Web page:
The starting range of diy cardboard masks from Polyfacets in white

Here they are in their plain form. To make the join lines disappear, I give them a coat of Mod Podge mixed with white plaster pigment (about 70/30)
The coloured ones are painted mainly in paint made with Mod Podge and Sugarflair (food colourings). Not entirely waterproof is a fair way to describe it, so I’m looking for an alternative pigment to suggest in my tutorials lest it should come back to haunt me in the form of irate customers in peculiar hues.

The starting range of diy cardboard masks from Polyfacets, decorated

The starting range of diy cardboard masks from Polyfacets, decorated

I’m finding a use for many of the materials I’ve been hoarding, too. The penguin is decorated with Tulip squeezy paints and the Green Man (top right) has his hawthorne leaves coated in bronzing powder.
I’m still not quite sure when I’ll get them to market but I’m hoping to finish off my video and launch the Kickstarter campaign in the next couple of weeks.

Now with Twirling Unicorns

An old CD player has been recycled to make a slow, rotary display stand for the masks; it seems like a nice format for photographs to me. I think it’s useful to display them all in white, you can see their shape more distinctly than when they are painted up.
I’m working on making images like these for each design. Some of them present a bit of a problem, as to where to put the tube they rotate on, so there’s going to be a bit of bodging, no doubt.

DIY cardboard unicorn mask

DIY cardboard unicorn masks

Here’s another short video showing the unicorn being assembled; part of this is going into the video I’m making for Kickstarter.

Thoughts About Launching with a Crowdfunding Campaign

I decided a while ago that I’d like to launch the mask plans with a crowdfunding campaign. For one thing, a cutter and new video equipment would be a great help but it would be nice to start building an audience before I begin.
There’s a mind-boggling variety of must-do advice out there, about “building a following before you launch a campaign”, writing press releases and all that unpleasantness.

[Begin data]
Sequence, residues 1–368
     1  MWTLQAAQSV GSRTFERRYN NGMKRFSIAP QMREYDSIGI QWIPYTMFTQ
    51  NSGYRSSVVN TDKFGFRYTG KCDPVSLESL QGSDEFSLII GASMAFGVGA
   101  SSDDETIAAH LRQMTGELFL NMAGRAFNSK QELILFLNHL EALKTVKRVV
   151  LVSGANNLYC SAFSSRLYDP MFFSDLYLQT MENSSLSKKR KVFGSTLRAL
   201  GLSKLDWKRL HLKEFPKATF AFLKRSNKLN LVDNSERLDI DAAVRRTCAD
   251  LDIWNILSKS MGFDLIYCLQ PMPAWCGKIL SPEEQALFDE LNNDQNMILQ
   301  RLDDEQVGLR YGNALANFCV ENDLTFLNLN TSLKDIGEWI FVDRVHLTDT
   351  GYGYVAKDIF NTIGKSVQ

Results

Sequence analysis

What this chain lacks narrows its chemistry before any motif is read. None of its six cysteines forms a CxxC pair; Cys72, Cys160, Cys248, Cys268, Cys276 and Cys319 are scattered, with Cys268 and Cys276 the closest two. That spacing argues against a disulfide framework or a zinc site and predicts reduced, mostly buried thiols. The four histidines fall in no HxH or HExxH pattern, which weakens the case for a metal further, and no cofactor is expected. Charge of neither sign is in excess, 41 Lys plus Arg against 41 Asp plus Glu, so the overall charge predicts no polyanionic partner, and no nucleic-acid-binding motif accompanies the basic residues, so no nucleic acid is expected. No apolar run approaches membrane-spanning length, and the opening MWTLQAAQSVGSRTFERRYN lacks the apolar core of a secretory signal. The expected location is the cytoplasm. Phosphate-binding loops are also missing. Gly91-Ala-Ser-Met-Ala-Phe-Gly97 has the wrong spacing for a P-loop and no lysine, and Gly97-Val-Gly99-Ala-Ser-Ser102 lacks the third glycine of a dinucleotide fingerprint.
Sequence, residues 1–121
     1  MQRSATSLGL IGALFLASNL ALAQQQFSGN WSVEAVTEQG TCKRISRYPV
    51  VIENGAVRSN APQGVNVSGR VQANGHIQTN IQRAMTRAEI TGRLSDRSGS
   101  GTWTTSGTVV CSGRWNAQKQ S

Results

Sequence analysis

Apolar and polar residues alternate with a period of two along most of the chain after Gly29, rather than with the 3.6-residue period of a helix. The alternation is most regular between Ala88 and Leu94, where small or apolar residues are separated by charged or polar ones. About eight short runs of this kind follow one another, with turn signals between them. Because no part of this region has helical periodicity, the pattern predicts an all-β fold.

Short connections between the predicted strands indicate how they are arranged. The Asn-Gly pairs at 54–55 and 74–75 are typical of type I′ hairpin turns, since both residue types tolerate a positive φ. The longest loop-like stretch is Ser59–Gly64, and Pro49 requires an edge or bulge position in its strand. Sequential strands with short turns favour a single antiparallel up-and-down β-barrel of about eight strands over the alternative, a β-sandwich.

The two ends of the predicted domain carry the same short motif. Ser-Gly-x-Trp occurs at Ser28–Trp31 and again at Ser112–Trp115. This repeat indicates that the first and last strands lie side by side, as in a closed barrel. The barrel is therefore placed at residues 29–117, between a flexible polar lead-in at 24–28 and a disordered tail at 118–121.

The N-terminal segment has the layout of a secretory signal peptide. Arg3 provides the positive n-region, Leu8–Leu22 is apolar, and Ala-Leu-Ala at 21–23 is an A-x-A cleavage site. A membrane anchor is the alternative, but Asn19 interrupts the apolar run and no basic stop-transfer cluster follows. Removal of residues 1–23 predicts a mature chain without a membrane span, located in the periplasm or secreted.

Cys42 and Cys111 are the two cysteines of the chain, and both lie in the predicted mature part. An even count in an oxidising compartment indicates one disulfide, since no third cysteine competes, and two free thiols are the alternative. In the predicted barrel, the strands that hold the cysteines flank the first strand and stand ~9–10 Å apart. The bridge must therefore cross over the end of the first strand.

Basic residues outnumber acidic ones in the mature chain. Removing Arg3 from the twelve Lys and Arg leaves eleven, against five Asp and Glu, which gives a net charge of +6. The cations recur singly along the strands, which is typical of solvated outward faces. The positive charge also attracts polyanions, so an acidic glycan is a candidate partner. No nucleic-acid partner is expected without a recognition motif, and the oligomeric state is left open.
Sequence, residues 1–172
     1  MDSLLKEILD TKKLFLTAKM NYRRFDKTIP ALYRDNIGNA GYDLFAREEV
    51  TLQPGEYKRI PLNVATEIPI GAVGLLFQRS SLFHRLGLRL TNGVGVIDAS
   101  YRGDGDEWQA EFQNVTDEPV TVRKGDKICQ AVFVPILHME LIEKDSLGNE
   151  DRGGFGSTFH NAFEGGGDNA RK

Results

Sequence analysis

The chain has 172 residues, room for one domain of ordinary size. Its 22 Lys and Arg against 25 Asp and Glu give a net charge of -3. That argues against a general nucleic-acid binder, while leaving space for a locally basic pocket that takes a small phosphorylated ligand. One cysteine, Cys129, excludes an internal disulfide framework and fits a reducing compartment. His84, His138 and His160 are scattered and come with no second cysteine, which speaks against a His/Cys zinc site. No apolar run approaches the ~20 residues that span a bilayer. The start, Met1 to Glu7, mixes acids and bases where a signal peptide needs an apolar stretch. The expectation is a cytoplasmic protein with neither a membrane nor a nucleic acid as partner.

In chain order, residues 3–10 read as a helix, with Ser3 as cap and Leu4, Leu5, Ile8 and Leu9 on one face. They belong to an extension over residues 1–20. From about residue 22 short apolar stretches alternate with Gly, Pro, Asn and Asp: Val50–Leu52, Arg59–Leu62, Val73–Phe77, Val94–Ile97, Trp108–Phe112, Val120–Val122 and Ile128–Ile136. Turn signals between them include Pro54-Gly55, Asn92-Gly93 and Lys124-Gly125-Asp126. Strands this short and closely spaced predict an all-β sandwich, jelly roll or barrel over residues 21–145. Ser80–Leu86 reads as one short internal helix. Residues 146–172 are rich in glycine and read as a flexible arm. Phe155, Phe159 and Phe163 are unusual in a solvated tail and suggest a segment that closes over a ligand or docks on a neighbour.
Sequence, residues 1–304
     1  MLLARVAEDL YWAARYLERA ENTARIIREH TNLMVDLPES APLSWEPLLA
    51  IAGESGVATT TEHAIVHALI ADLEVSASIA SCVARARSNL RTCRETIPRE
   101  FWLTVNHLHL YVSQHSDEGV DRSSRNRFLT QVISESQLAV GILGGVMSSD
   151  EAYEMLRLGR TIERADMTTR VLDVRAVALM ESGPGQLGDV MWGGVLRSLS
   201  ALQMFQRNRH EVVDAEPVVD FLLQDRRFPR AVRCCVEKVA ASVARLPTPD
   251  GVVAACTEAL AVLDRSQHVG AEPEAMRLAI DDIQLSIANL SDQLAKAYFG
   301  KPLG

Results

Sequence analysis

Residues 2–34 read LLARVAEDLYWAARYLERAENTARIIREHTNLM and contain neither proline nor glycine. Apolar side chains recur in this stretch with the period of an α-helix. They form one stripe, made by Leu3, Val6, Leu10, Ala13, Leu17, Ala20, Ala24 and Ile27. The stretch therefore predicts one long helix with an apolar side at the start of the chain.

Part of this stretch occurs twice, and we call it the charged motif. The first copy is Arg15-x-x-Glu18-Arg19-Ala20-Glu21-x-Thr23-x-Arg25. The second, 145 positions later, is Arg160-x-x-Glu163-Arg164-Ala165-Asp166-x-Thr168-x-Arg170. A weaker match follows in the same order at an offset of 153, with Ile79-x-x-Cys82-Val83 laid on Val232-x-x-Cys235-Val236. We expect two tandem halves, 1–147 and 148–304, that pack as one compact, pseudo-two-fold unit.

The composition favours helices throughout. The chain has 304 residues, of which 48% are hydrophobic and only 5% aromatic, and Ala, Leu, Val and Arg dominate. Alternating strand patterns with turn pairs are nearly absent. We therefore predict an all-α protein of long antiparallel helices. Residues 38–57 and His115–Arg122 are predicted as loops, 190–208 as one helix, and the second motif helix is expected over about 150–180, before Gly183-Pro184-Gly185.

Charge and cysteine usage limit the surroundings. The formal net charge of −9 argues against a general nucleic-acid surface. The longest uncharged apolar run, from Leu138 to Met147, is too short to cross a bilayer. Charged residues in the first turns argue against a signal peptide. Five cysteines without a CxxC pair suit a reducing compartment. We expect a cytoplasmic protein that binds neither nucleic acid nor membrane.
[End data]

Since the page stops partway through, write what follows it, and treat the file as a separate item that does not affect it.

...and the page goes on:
To that end,  I’m trying to sort out my various bits on social media but my main focus is on the video for a Crowdfunding Campaign. For me, this is way harder than making the demo films. It’s the difference between presenting facts and telling a really interesting story that will make the funders want to be involved. I lack the confidence to use my face or my voice, so my hands and my work will have to do the talking.  I’ve “blacked out” the booth I use for demo videos, so that I can try some stop motion style techniques. I’ve been using it for photos, too.

Here are the original three masks, a couple of versions of each.

0.aliens

You could make your own alien army from just one plan

0.mice

All purpose rodent – Is It A Mouse? Is It a Rat? Depends how you paint it.

0unicorns

Maypole Unicorn and Battlefield Unicorn – Quick paint treatments that can make your mask a work entirely of your own.

Of all of the plan sets, these are the ones I have the most confidence in, having made them so many times. I’m steadily ironing out the details in the others whilst I rack my brains about my Crowdfunding dilemmas.


Mask Road Test and Demo Videos

Mystery Mask Wearers

Last Sunday we took the masks along with us on a day out to Llangollen. They get a pleasing Ooo reaction when you take them out of the bag and people seemed really interested when they turned them over and saw how they are constructed. I can’t name all of the people in the photo but there’s a five-piece-two-harp rock band amongst them, I promise you.

I’ve been editing the instruction videos this week, starting at the end in my own usual style. Or, unusual style. There’s some revision still going on around the materials and building parts of the tutorials.
All of them are graciously voiced for me by JB, although I am solely responsible for the content.

The Zombie Bear tutorial is a straightforward invitation to use the form of the masks and do whatever you want with them.
They’re designed to be rigid and robust, so you can add any bits you want.
The Decoration Part1 covers a couple of cheap and simple paint recipes.

Decoration Part 2 covers a piping technique on a black mask and using real leaves and bronzing powder to make a Green Man.